The cost of acquired brain injury (both traumatic and non-traumatic) can be significant, but also difficult to predict. Patients may have costs that span a number of years, covering hospitalizations, rehabilitation, and in-home care. Past studies that examine the direct costs related to brain injury have been found to be inconsistent because of unreliable patient recall, a focus on only the initial hospitalization, or differences in the use and availability of healthcare.
A recent study used a publically-funded healthcare system (Canada) over three years after injury to determine a more accurate picture of the direct costs related to acquired brain injury. This included information of costs from initial hospitalization to rehabilitation, in-home care, and physician visits. The researchers discovered the following:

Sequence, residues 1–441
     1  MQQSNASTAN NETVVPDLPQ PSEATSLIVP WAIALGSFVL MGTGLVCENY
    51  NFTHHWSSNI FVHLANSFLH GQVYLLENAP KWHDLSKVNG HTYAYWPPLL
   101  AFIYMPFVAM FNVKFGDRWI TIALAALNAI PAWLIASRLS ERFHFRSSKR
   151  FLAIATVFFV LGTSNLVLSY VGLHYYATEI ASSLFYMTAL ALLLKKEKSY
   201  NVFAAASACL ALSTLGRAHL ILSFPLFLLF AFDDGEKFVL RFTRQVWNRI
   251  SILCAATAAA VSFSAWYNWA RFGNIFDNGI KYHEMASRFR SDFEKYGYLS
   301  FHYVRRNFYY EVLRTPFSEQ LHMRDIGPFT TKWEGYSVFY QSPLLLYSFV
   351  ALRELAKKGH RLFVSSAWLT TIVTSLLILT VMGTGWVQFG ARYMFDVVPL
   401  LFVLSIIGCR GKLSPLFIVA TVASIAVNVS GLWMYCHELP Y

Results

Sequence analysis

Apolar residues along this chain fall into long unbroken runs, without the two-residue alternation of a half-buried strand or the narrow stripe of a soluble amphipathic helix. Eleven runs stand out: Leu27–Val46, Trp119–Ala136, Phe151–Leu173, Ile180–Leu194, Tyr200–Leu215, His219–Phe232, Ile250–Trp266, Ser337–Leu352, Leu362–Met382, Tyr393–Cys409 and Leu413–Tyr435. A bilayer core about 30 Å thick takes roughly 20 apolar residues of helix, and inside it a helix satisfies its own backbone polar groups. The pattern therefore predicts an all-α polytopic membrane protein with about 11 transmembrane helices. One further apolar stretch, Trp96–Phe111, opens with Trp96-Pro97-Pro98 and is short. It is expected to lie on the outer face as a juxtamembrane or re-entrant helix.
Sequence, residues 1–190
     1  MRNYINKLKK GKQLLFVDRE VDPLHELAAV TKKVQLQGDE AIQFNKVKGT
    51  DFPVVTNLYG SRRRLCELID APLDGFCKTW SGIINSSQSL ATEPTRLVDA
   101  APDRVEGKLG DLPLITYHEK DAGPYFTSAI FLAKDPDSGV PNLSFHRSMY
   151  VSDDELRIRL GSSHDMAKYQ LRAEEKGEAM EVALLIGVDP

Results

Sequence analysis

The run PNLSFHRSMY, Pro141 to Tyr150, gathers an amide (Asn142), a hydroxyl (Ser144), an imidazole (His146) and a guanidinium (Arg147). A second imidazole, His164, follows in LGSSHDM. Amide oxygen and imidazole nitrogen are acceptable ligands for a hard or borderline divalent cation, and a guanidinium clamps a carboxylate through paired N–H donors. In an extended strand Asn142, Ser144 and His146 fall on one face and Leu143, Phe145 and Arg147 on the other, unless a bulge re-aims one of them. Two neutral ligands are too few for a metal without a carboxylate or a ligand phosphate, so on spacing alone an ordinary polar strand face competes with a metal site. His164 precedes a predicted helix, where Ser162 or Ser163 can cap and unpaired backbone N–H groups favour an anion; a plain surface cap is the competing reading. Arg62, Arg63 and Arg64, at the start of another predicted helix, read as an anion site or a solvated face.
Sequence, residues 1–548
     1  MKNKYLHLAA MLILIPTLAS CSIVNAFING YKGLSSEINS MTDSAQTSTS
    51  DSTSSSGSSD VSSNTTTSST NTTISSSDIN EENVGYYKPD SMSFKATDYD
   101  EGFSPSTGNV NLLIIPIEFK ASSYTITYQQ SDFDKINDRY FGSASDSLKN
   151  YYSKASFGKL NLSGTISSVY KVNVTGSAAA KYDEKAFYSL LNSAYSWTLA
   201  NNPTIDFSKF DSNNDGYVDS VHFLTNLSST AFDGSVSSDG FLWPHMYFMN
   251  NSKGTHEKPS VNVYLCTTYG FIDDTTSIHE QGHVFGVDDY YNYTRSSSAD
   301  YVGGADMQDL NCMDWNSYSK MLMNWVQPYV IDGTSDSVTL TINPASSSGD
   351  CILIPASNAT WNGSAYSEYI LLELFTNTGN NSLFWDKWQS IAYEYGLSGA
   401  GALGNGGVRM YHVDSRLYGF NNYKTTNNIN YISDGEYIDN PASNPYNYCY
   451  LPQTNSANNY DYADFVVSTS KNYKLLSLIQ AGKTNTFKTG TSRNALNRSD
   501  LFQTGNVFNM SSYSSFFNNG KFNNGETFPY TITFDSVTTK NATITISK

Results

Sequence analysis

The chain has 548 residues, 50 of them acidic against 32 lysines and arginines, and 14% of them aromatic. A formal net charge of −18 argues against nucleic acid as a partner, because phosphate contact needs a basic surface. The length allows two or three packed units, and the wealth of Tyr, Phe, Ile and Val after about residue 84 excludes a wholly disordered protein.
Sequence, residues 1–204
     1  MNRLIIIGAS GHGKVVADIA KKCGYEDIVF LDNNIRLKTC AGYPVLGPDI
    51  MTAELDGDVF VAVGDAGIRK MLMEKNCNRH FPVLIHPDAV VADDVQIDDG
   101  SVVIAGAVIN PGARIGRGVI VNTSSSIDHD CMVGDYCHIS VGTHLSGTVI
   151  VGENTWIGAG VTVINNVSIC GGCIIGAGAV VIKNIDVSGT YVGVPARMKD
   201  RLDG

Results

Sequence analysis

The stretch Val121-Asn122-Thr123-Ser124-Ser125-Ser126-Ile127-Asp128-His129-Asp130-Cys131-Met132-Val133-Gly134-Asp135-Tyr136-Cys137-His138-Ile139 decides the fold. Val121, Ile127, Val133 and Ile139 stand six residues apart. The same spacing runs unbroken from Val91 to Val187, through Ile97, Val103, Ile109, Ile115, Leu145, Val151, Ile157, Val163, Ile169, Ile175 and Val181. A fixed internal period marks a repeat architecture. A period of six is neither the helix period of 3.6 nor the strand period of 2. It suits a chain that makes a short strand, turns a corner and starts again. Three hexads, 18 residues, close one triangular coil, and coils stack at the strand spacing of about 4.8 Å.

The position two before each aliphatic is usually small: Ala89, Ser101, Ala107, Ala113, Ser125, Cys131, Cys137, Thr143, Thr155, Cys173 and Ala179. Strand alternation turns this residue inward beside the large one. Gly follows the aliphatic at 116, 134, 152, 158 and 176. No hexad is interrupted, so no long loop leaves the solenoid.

- Non-traumatic brain injury patient care is more expensive than traumatic brain injury patient care.
- Discharge from hospital to rehabilitation center is associated with higher overall treatment costs.
- Healthcare costs decrease over time, but remain significant even after three years.
- The highest cost in the first year was acute care, and the highest costs in the second and third years were physician and home care services.
Chen A, Bushmeneva K, Zagaorski B, Colantionio A, et al. Direct cost associated with acquired brain injury in Ontario. BMC Neurology. (September 2012).